Of late, my daughter has developed a fondness for mysteries and puzzles and clues, twisty tales that need unwinding. (May she recommend The Westing Game and The Mysterious Benedict Society for your next bedtime read-alouds?) She’s also a budding thespian, with a flair for the dramatic.
So when planning this year’s edition of her birthday party, I racked my brains for something that would combine the two, and hit on the idea of a kid-friendly escape room.
For the uninitiated, escape rooms are themed, locked rooms in which teams need to solve a series of interlocking puzzles/clues to track down the key and get out before time is up. (Not to worry cleithrophobics, staffers will let you out after an hour goes by, whether or not you’ve managed to solve the puzzle.)
A little googling led me to Portland Escape Rooms, located in a completely unprepossessing office park on the Beaverton-Hillsdale Highway. It looks like it should house only dental offices and mortgage brokers; instead, there are six different rooms, with themes ranging from “Steampunk Airship” to “Madame Neptune’s Voodoo Curse.”
Two of the rooms are rated as kid-appropriate: An American Revolution themed room (great fare for Hamilton fans and best for ages 10 and up), and the one we chose, the Arcade parlor, which is pitched at ages 8 and up.
Pro tip: Gather as many people as you can (up to 10 can be in the room at once) to help solve the puzzle. The two attendants, who were decked out in retro early 1980s garb, told us that only 40 percent of players managed to locate the key and get out of the room within the time limit. We had seven kids and three adults, and at first, we all ran about like the ghosts who chase Pac-Man, unsure of where to look. The room is decorated with throwback games, including foosball, a Legends of Zelda-inspired map, and homages to Donkey Kong and Super Mario Bros.
Pretty soon, we noticed several strategically placed locks, and deduced that some of them could only be opened by keys, while others required specific combinations of numbers. A series of puzzles revealed itself, and we were on our way. I won’t give it away, except to say that it’s helpful to have children with you who are intimately familiar with the different flavors of Jelly-Bellys, that iconic 1980s candy. (Cryptic, I know.)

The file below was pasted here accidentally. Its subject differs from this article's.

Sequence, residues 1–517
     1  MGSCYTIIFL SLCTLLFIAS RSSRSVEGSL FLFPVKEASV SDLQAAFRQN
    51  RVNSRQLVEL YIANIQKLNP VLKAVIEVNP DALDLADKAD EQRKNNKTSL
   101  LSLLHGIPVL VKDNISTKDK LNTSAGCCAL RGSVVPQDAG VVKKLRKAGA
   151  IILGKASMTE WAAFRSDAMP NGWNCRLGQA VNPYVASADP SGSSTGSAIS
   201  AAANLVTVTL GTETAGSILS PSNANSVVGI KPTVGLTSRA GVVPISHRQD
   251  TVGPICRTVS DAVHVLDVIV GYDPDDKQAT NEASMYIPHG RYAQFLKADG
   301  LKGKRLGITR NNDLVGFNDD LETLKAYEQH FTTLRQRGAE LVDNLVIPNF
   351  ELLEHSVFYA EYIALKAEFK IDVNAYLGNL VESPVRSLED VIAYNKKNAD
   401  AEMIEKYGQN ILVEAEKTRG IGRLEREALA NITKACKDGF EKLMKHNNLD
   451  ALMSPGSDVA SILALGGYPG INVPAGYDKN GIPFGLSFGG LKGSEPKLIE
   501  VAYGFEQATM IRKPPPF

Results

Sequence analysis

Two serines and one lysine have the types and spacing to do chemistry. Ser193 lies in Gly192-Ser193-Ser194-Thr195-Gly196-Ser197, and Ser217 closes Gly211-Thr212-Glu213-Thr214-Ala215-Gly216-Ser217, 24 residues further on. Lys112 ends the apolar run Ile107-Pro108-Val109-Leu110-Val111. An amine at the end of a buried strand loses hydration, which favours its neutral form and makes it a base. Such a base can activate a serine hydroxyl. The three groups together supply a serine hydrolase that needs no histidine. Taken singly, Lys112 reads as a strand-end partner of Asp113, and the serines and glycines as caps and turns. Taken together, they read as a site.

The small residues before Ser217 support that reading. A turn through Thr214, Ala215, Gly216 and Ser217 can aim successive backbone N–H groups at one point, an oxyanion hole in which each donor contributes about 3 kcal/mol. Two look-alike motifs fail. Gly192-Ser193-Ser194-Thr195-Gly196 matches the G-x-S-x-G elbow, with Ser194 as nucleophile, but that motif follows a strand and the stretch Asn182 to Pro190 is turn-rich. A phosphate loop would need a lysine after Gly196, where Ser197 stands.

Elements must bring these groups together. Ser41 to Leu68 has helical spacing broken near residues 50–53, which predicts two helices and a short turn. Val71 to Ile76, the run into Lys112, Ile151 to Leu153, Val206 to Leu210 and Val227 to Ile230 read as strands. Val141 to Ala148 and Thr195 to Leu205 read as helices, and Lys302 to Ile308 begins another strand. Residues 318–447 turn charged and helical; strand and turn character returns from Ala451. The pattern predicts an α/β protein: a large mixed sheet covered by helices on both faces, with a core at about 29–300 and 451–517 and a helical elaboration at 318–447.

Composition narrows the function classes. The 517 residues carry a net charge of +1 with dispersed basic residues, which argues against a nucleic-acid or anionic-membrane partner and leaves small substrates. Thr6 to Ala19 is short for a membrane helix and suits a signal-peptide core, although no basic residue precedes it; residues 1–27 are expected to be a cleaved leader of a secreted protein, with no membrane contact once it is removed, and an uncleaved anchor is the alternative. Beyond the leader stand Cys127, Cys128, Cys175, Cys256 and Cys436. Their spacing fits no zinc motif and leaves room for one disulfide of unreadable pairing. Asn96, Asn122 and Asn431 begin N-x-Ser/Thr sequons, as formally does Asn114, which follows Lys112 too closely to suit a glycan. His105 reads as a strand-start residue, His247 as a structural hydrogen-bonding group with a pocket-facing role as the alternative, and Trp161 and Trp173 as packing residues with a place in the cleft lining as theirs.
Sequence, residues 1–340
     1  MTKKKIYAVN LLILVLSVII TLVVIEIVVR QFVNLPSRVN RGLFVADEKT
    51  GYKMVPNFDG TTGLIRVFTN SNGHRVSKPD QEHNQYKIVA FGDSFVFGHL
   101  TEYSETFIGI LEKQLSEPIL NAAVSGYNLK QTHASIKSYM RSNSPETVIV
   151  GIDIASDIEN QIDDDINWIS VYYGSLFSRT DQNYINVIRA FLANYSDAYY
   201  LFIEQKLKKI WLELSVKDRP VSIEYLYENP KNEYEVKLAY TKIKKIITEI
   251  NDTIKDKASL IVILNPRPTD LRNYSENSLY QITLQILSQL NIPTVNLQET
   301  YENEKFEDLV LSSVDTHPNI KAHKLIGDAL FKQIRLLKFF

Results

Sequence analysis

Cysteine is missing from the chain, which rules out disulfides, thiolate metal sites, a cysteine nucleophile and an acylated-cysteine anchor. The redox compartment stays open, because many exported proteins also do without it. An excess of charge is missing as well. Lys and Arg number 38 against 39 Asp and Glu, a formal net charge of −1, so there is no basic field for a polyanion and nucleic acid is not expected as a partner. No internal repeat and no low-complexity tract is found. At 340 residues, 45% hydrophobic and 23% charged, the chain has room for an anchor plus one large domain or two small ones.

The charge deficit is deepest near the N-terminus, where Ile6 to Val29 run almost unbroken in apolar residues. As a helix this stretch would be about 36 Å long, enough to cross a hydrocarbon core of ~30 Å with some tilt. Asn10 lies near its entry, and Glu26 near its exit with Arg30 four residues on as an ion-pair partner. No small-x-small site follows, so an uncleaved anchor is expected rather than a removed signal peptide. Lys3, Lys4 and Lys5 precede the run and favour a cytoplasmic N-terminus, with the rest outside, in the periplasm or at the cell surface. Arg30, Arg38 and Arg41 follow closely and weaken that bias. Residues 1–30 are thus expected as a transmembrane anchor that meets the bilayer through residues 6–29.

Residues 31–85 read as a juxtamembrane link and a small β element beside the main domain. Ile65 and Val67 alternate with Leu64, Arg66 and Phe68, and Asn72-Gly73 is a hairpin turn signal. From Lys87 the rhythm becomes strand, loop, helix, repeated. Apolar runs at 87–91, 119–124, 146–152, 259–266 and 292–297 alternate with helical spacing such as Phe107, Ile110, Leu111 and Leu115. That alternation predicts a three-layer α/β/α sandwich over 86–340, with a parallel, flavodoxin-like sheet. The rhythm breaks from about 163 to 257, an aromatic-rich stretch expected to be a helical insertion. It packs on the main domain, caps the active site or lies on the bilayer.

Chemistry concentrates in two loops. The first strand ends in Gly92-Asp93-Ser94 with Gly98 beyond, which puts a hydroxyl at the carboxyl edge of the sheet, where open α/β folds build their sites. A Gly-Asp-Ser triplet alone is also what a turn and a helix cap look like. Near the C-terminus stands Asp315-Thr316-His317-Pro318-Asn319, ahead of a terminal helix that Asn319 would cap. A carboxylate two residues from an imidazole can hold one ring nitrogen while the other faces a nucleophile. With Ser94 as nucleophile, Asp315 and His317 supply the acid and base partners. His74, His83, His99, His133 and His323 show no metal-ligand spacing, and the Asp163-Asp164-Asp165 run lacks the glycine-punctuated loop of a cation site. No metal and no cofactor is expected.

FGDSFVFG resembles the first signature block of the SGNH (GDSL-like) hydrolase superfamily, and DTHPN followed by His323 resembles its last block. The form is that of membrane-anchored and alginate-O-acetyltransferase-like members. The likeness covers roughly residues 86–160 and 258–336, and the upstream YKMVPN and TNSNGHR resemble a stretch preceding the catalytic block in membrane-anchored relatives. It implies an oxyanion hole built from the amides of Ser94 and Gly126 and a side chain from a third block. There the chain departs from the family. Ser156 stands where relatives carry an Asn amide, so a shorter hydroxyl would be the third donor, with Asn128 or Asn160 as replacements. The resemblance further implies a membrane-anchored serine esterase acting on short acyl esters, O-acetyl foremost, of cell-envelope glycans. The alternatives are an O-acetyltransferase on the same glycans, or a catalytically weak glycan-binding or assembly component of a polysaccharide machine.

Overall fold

Every so often, we’d get a video reminder of the ticking clock (and the “bomb” that was set to go off should we fail to make our way out), courtesy of a demonic-sounding disembodied voice piped into the room, ostensibly the voice of the arcade’s crazed owner. The kids seemed amused, if a little creeped out.
The three grown-ups, meanwhile, became increasingly and hilariously desperate as it became clear that despite the “get-a-hint!” cards that the kids were finding around the room, we were running out of time to find the key that would get us out of there. The two staffers whispered occasional extra tips to the kids, but were mostly hands-off throughout, which was a little frustrating — at a birthday party with a bunch of 8-year-olds, an extra thumb or two on the scale would have been nice.
About that key: Due to the fact that we were with so many kids, the door was left ever so slightly ajar the whole time, allowing for bathroom breaks as needed, and probably tamping down anxiety levels. And when the time ran out and we hadn’t solved the puzzle, we broke out the birthday cake and goody bags for the kids, and, when they were all occupied, the adults got back to work, eventually finding our way to the last clue and the final key. My tip if you want to
try: Everything in the room is there for a reason. Look once, and then look again. And bring birthday cake, because that can only help.
Room to Spare: Other escape room choices around PDX
Escape Games PDX in NW Portland has four rooms, including a “Portlandia” themed one, and allows anyone under age 18, so long as an adult is present with them. They’re located right down the road from Portland Brewing Company, which offer discounts on post-escape room meals.
Hour to Midnight in outer NE Portland has three twisty-sounding rooms, including the Egyptian inflected “Pharoah’s Curse.” Again, kids are welcome but need to be accompanied by adults.